I first published these words in a newsletter to my patrons this morning but I feel it’s important that everybody who has an interest in The Lifeboat Station Project is aware of the current situation.
Please scroll down to read on…
Ways to support the project:
BECOME A SUPPORTERTHE LSP SOCIETY
I wrote a post in our app a couple of weeks ago opening up to the fact that I’m not very well in my head and my heart at the moment.
Many of you have kindly got in touch to ask how I’m doing and I’m afraid that I’m still not doing so well. This is proving to be another tricky time after a very challenging couple of years and I just haven’t been up to writing or talking about it in more detail.
However, it’s high time to drop you a line with a few more words on the matter…
After keeping The LSP alive for two years during the pandemic, we now find ourselves in an unfolding economic crisis. I’m finding it impossible to generate new income that keeps pace with spiralling costs.
Despite best efforts, not least creating an incredible foundation of support over recent years, I’ve had to pause my travels because making new work on the project has become financially unsustainable.
The most obvious cost is fuel but there are many others too, including:
- Studio rent (increased by 9% earlier this year)
- Studio energy bills (doubled this year)
- Conservation materials (nearly doubled since Brexit)
- Chemicals (up around 30% since Brexit as well as looming supply issues)
- Accommodation (Covid considerations mean I’m no longer able to stay with lifeboat families on the coast)
Of course, I’m also contending with spiralling domestic costs from our mortgage to energy and food. You undoubtedly know the score on that front.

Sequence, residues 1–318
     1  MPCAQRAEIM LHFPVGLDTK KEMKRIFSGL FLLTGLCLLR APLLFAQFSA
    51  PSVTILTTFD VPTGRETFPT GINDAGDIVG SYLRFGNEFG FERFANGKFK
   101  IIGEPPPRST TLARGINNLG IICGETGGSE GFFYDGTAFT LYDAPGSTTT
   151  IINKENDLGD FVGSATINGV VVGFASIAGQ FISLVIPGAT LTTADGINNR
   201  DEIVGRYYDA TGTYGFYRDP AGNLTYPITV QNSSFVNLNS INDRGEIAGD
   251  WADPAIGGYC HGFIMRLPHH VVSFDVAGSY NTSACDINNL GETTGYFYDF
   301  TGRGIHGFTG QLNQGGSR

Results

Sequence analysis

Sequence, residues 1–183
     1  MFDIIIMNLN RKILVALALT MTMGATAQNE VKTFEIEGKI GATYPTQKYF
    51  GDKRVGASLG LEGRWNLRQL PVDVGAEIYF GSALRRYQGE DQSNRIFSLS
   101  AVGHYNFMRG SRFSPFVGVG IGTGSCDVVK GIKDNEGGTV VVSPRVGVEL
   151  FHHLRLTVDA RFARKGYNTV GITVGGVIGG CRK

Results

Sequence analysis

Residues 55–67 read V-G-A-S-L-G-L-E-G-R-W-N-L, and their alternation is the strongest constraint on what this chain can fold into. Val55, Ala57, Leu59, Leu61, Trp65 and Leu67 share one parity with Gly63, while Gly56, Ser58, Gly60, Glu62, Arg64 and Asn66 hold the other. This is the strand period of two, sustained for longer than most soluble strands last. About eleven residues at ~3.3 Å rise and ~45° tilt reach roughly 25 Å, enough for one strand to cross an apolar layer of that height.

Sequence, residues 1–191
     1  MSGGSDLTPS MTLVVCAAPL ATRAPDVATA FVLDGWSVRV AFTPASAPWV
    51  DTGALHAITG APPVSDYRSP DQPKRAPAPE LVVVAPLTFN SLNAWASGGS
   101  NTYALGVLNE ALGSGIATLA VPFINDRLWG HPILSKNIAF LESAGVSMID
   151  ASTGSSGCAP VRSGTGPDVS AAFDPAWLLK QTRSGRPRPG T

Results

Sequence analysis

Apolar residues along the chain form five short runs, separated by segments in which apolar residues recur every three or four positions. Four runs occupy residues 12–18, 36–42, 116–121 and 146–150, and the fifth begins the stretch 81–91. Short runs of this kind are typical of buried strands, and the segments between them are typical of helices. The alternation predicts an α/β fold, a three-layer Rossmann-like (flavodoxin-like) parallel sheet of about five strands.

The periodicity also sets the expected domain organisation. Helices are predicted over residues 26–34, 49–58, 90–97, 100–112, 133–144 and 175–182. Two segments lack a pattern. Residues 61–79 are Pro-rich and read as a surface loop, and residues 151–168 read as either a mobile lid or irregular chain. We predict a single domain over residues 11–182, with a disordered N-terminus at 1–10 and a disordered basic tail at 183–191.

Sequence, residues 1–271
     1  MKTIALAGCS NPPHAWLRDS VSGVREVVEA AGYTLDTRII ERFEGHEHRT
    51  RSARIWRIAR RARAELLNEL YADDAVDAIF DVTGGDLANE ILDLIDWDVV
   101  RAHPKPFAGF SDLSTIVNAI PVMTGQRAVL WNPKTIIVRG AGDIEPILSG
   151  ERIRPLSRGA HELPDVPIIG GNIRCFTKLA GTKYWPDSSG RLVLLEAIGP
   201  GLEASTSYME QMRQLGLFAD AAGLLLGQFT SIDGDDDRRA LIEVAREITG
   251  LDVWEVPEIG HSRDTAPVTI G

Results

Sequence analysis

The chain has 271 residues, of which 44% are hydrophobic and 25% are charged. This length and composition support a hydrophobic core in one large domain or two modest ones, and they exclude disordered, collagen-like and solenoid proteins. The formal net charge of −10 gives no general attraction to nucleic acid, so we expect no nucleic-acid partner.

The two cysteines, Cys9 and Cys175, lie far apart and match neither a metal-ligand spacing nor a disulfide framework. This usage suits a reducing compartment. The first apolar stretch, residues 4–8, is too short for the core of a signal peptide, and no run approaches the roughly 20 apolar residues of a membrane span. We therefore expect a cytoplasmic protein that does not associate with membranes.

As a further consideration, had I gone ahead as planned this month, much of the journey would have been unworkable due to the elevated and sometimes extreme heat.
Not only is high heat the enemy of wet collodion (the photographic process I use) but it makes things uncomfortable for lifeboat crews being photographed in their personal protective equipment.
This latest pause has been a very sad and tough call to make but please know that I’m not quitting.
It’s been particularly tough in the wake of the enormous effort and resources I ploughed into Mission 21 during March and April.
That was my first time on the coast with the project in over two years. I more than picked up from where I left off in March 2020 but even that wasn’t enough to put things back on an even keel.
If you’d like a reminder of so much that was great about that mission — and the project — remember to have a read/listen to the words/recordings in the members’ blog post I published last month.
Furthermore, here’s a gentle reminder of the wonderful film Sean Tucker made too:
There will be ways round this and I need to take the time to work it all out in this rapidly shifting economic landscape.
I’m immensely proud of what I’ve created so far and how I’ve been able to independently fund it for so long.
Back in 2019, I’d truly found the sweet spot within the framework of the life we once knew. It was a truly vintage year and proved that it could all work but, my goodness, how things have changed since then.
You might have thoughts and suggestions for me but I’m sure you’ll be aware that I’ve thought of (and tried) just about everything over the last 8 years.
Corporate sponsorship and Arts Council funding are common suggestions. These are both options that I’ve repeatedly looked into over the years and I have strong, clear opinions about why they are not aligned to the ethos and endeavour of The Lifeboat Station Project.
With two thirds of the project completed, I feel it’s now my duty — both to me and my loved ones — to generate sound longterm financial security for the project and my livelihood within this extremely challenging economic arena.
I feel my best chance is to realise the value of the vast archive I’ve already made. My initial thoughts and plans relating to that are now underway.